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A “New” Problem Appears in the 1990s: The Birth of the Contemporary Date Rape Drugs Scare


This chapter considers the emergence of the construct “date rape drug” in the 1990s and explains why it is a dubious one. The role of coerced drug use in propping up the by-then flagging War on Drugs is considered, as is the first round of campus activism regarding rape, which focused upon alcohol and offenders known to the victim, typically peers. The typification of the Hillory Farias and the Samantha Reid cases as the “named legislation” inspiration for the Date Rape Drugs Act is held up to scrutiny. Continued avoidance of the reality that the “big three” drugs in date rape drugs rhetoric—flunitrazepam, GHB, and ketamine—are typically taken voluntarily continued to be promulgated by legislators and the media.


  • Date rape drug
  • Antidrug
  • War on Drugs
  • Hoffman-LaRoche
  • Rohypnol
  • Flunitrazepam
  • Anterograde amnesia
  • Insomnia
  • Benzodiazepine
  • Blackout
  • GHB
  • Ketamine
  • Hillory Farias
  • Samantha Reid
  • Date Rape Drug Act
  • Controlled Substances Act
  • Chloral hydrate
  • Noctec
  • Brock Adams
  • GBL
  • Synthetic panics
  • AquaDots
  • Party drugs
  • Club drugs
  • Date rape
  • Second-wave feminism
  • Victim disqualification
  • Victim blame
  • Binge drinking
  • Acquaintance rape
  • Stranger rape
  • Serial rape
  • Mark Perez
  • The Hangover
  • Ecstacy
  • MDMA
  • Molly
  • Xyrem
  • Melanie Sindone
  • Drug detector
  • K
  • k-hole
  • Richard Esposito
  • ElSohly and Salamone
  • Proposition 47
  • Marijuana
  • Criminal law
  • Criminal code

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    In the wake of successful overturning of marital exemptions for rape, a countervailing expansion of unprotected victims to include cohabitants and even “voluntary social companions” emerged in some states. Effectively, such laws sought to limit criminal liability from any assailant who could reasonably claim to have been such a social companion, encompassing what criminologists knew was a significant portion of cases. These eventually receded.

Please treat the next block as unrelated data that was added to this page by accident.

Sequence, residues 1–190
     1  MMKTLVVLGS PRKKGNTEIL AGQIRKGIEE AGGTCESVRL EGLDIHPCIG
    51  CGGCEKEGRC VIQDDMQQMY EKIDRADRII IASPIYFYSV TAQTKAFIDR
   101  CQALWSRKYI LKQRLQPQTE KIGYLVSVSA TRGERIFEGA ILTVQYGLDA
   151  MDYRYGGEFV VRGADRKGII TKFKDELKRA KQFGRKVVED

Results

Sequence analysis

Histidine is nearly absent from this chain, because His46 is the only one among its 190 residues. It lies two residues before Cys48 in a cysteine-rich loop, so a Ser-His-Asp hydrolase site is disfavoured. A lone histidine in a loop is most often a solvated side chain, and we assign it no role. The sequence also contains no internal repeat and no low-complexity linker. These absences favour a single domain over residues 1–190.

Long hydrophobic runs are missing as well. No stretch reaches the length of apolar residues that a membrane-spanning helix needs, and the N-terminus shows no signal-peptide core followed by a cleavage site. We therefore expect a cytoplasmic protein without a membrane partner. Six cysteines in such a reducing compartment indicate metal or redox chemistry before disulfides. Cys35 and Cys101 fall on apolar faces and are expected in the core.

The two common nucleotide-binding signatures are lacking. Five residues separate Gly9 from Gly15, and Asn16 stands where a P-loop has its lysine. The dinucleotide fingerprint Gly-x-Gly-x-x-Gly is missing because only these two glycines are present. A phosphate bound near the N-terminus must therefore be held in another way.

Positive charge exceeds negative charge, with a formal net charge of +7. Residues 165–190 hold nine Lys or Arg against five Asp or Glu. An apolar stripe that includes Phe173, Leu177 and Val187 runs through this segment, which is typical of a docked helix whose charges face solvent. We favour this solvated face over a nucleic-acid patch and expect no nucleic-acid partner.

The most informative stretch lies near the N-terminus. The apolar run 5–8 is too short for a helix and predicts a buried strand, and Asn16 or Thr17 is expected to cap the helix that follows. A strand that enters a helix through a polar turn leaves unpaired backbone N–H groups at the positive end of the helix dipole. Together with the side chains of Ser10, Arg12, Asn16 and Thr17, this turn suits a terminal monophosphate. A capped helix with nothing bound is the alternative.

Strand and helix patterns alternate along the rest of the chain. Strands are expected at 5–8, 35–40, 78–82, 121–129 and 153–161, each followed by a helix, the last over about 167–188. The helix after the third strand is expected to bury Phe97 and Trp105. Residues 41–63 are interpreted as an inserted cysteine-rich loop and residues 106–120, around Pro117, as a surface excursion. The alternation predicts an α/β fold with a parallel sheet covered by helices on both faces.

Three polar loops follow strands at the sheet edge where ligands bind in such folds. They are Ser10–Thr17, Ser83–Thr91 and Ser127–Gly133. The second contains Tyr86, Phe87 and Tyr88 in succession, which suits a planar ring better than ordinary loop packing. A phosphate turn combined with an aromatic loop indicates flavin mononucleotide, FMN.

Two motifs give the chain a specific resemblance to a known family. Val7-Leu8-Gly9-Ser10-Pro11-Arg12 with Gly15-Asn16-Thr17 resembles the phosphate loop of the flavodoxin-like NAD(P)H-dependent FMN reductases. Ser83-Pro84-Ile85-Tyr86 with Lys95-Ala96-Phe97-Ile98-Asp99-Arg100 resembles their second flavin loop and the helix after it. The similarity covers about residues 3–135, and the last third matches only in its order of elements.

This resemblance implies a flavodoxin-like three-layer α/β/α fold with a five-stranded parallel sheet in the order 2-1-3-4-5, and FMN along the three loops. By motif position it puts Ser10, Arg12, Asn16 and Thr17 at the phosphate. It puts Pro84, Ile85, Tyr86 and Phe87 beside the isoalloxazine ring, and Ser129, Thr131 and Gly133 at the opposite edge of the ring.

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    Bowler quoted in Weikel, 1996. The bill, which sought to make surreptitious drugging an aggravating circumstance which would trigger the “one-strike” felony mandatory penalty scheme in effect at the time, failed based on its various redundancies of existing law.

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    Hallucinations: the drug may cause genuine misperception of people, places, and circumstances, as opposed to the pseudo-hallucinations often associated with LSD, psilocybin, or MDMA, where users experience illusions or visions but are often aware, at least at moderate doses, that they are illusions or imaginative impressions facilitated by drugs.

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    See, for instance, California Penal Code Section 261–269. In 1986, the US Congress amended its Federal criminal code on rape: November 14, 1986 [H.R. 4745] Sexual Abuse Act of 1986. 18 USC 2241, Public Law 99–654, 99th Congress. Among other changes, barely discussed in the hearings, was addition of “aggravated rape” where stupefying substances are administered by the assailant. Aggravation is accompanied by enhanced penalty to the underlying felony. The influence of this Code on day-to-day rape prosecution is limited in that Federal prosecutions are unlikely; State criminal codes prevail except under extraordinary circumstances. Nonetheless, the Federal Code sometimes serves as one of the model penal codes for states.

  89. 89.

    Owing to the constitutional limits on the legislature’s ability to modify a bill passed by referendum in California, like the laws that came from Proposition 47, the state legislature created this new crime instead—an action that is squarely within its powers as a legislative body.

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    California Senate Committee for Public Safety (2015), SB 333 History and Bill Analysis, April 28. Retrieved September 6, 2015. Of course, this is redundant in a number of ways described above, but earlier postpassage versions of this bill, SB333/AB46, just wanted to restore more draconian penalties for possessing the Big Three based on their core identity as date rape drugs, or at least reassign them to “wobbler status”—legislative lingo for giving district attorneys the power to charge as a felony or misdemeanor.

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Donovan, P. (2016). A “New” Problem Appears in the 1990s: The Birth of the Contemporary Date Rape Drugs Scare. In: Drink Spiking and Predatory Drugging. Palgrave Macmillan, New York.

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